The audience erupted with laughter as Jason, portrayed by freshman Oliver Runyon, wrestled to freedom from his hand puppet, Tyrone.
The Lost Flamingo Theatre Company held a performance of Hand To God in Baker Center Theater Saturday, Nov. 16, and Sunday, Nov. 17.
Each semester, Lost Flamingo puts on four productions. Three of the four productions are plays, and one is a musical. This semester, the group has performed Rocky Horror Picture Show and Hand To God and will perform Too Much Light Makes the Baby Go Blind later in November and 12 Angry Jurors in early December.
The show follows Jason, a boy trying to deal with his father’s death and do right by his mother by participating in her puppetry club at their church. His puppet, Tyrone, begins to come alive in foul-mouthed, crude and seemingly evil ways, from screaming sexually vulgar statements at Jason’s crush to biting the ear off Jason’s bully.
Meanwhile, Jason’s mother is dealing with her own battles, from trying to put together a puppet show for her church to romantically choosing between her pastor and her son’s bully.
Runyon starred as both Jason and his hand puppet, Tyrone. Though most of the cast members held puppets at some point, Runyon held his puppet for almost the entire show and used two different voices to signify the difference in his characters. Jason, along with the rest of the cast, had a country accent while Tyrone had a gritty, louder-sounding voice.
Jason’s mother, Margery, was portrayed by sophomore Steph Schille. Her two love interests, pastor Greg and Timothy, were portrayed by sophomore Ben Wilson and freshman Cam Smith. Jason’s love interest, Jessica, was portrayed by freshman Heylea Allan.
Though the show featured a lot of inappropriate content, it was handled in a dignified and comedic way by the entire cast, and it showed great direction.
Michaela Chilenski, a senior studying media arts and studies, is the president of Lost Flamingo and directed Hand To God along with other shows for Lost Flamingo, including Dog Sees God and Fall of the House of Usher.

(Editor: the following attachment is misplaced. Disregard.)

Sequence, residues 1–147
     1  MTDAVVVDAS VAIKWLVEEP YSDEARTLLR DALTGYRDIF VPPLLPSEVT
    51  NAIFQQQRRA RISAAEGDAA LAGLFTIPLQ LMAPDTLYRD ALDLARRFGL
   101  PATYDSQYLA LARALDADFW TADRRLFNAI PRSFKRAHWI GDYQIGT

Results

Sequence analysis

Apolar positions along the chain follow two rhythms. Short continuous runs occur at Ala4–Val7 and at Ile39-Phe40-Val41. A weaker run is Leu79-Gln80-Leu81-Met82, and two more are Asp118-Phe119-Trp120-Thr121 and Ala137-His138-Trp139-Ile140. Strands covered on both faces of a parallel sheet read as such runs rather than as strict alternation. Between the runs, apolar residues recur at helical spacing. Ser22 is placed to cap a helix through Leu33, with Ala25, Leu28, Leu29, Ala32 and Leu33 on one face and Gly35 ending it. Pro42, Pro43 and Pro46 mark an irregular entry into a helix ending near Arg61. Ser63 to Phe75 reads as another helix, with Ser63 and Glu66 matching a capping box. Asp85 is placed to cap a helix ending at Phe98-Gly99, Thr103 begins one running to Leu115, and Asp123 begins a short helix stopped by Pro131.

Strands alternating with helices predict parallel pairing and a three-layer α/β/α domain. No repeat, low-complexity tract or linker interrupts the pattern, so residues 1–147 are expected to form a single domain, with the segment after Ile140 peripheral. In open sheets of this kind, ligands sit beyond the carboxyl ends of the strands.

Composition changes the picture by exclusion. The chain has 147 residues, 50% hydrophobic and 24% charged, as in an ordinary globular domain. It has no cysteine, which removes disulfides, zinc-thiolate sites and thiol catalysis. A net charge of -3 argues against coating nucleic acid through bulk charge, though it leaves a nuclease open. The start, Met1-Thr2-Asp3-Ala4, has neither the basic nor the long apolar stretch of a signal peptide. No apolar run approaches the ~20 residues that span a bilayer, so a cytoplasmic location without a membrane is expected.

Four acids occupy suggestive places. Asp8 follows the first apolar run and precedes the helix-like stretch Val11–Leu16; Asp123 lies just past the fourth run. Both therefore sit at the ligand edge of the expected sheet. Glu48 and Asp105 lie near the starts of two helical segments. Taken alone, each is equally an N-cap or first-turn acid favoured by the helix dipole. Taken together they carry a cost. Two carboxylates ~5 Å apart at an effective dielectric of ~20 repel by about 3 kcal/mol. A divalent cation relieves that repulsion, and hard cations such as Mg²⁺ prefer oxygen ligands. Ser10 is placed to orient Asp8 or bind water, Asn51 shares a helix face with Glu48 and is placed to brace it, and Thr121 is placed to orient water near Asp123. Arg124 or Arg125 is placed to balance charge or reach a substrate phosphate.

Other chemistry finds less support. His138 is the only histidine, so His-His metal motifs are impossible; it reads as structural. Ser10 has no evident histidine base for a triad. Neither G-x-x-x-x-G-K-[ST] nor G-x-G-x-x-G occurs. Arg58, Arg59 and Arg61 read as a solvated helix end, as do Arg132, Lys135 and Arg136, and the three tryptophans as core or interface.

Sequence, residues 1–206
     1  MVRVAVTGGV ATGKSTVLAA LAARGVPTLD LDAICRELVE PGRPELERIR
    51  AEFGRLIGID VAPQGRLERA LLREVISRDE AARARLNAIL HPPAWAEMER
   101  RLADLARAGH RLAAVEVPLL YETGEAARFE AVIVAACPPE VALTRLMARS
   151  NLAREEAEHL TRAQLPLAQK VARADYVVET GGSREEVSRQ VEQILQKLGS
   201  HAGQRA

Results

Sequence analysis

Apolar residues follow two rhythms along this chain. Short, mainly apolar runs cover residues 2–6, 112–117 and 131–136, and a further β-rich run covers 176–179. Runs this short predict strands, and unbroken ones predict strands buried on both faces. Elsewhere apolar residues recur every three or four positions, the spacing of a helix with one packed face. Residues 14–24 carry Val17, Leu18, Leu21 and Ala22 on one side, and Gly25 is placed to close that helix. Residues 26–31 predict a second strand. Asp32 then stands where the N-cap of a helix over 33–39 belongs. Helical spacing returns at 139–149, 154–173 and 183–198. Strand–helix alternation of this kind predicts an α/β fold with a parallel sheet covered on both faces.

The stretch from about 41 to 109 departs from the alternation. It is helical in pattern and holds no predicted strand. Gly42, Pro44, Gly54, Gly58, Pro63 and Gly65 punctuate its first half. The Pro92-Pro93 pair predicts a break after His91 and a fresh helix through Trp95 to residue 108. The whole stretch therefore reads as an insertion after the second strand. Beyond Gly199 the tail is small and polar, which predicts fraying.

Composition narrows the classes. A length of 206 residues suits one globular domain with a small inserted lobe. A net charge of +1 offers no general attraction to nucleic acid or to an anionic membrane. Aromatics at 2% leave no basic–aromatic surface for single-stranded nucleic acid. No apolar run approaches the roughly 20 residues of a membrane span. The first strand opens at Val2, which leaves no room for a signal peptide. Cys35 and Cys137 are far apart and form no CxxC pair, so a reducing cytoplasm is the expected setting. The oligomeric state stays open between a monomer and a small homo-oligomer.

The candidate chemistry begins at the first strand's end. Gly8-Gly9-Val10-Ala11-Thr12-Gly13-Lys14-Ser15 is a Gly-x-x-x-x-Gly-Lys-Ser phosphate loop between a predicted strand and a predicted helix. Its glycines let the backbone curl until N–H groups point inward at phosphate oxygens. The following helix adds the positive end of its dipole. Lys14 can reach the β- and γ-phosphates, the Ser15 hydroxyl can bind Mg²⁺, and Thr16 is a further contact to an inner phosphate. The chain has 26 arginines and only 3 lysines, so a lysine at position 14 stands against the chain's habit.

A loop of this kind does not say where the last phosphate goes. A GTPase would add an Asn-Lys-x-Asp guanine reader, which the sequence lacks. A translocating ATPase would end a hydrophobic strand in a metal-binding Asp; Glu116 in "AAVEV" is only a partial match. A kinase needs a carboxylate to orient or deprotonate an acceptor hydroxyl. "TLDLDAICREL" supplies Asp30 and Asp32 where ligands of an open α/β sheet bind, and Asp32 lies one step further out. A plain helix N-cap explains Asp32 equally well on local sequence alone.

Among the rest of the production staff includes the assistant director, Matthew Connell, the stage manager, Connor Sells and the assistant stage manager, Joe Sarfi.
The entire show was set in the church’s nursery and the pastor’s office. The technical crew worked tirelessly on the show, including Maxwell Levitsky on sound design; Andy Wolff on lighting; Emma Adkins on props; and the three stage hands, Maisy Dewitt, Destery Gunther and Evan Hall.
The audience, filling more than half of Baker Center Theater, was filled with family members and friends of the cast and crew, as well as theater enthusiasts and people who knew nothing about the show or the production company.
Aliyah Graham, a freshman studying theater, is a big fan of theatrical shows and really enjoyed Hand To God.
“I really like it,” Graham said. “I wasn’t expecting the twists, and I like how interesting the plot is.”
Devyn Latture, a sophomore studying integrated media, came to the show to see Schille, who is her friend.
“I came in with no expectations because I had never seen anything with Lost Flamingo,” Latture said. “But I’m really impressed with the production. It’s very meticulous all around.”
Harlan Friedman-Romell, a freshman studying integrated media, was surprised to see so many young faces in the cast.
“I think it’s terrific,” Friedman-Romell said. “I’m really surprised because I’m seeing that everyone is either a freshman or sophomore, but it seems they have the presence of people much older. I think it’s incredible, especially the kid playing Jason, who is on another level. I’m definitely going to come to a lot more shows after this one.”